Paul and Mike, the idea that everyone can and should go to college is the product of our modern commitment to ideological egalitarianism. According to which everyone is "college material" if given sufficient opportunity. The low entry barrier does have a way of weeding people out, but not before a lot of people have wasted significant time and money. Few really buy this egalitarian myth, but they are unwilling to say so. So they pretend. All our educational reforms are based on this myth. (No Child Left Behind). And if you acknowledge inequality you should also have an economy that accommodates that. Meaning a living wage for the leftward portion of the bell curve (that aren't just sorry and victims of their own vices) and not platitudinous foolishness that everyone can grow up and become a computer programmer if they just put their minds to it.

BrownRSA's picture

Spinning off of Aaron’s idea (#16), I would suggest that vocation, location, and motivation matter greatly when considering different models of education. I have seen a seminary graduate in Botswana reduced to trembling tears when, after several years learning an African language and tribal dialect and absorbing the culture, he realised that he had forgotten much of his Greek and Hebrew from seminary and would likely never discuss toledoths, chiastic structure, or Wellhausen’s theories with his new converts. But if he was a missionary in Luxembourg, he would need all of that fine training, and then some.

Much depends on the man. “Degrees are keys” allowing you to enter certain doors otherwise closed to you. Whether they truly prepare a person as intended is debatable. A person with a heart for life-long learning will catch up and not let education interfere with his learning.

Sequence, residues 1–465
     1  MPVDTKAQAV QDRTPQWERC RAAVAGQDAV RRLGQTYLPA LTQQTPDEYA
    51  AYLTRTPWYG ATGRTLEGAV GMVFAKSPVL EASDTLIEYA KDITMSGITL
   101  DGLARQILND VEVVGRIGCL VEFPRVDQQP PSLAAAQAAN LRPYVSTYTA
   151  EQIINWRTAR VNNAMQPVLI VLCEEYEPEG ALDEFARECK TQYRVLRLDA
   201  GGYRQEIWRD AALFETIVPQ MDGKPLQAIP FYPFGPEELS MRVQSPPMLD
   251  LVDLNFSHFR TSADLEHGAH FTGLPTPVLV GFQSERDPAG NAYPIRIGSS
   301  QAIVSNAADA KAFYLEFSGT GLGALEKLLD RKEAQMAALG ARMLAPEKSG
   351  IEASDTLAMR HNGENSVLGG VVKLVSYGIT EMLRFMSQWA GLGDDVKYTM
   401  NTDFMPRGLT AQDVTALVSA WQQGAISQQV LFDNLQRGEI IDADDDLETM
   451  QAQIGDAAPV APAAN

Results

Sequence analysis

I would have to argue that going from Bible college straight into pastoral ministry in your early 20s seems to violate the nature and requirements of eldership. The man hasn’t stood out from under authority for long enough to try his character, and his marriage (if any) is also untested. It would be even worse if he showed up here in South Africa intending to train pastors.

This brings me to my other misgiving – that seminary professors are the best creators of pastors or missionaries. In law school, we said that “those who make A’s make good professors, those who make B’s make good judges, and those who make C’s make good money.” There is a core difference between the theoretical and practical. My observation in recent years is that seminary grads want to be expository preachers, profs in the pulpit. They love to be alone with their computers and books, and teach their seminary notes to befuddled believers. I had one new seminary graduate tell me that he believed God had prepared him to pastor a church of at least 600. I suggested that this was likely because he didn’t know how to do anything but expository preaching. A few minutes later, he agreed.

We need real pastors to train and mentor new pastors. Does it not seem strange that to teach someone church ministry you would send them away from the local church into a somewhat sterile environment to learn from academics, only a few of whom are involved in ministry? Oh, colleges try to get their students involved with extensions on weekends, but many of those experiences are obligatory, are not supervised to give the student feedback, and are not integrated with what students are learning on campus.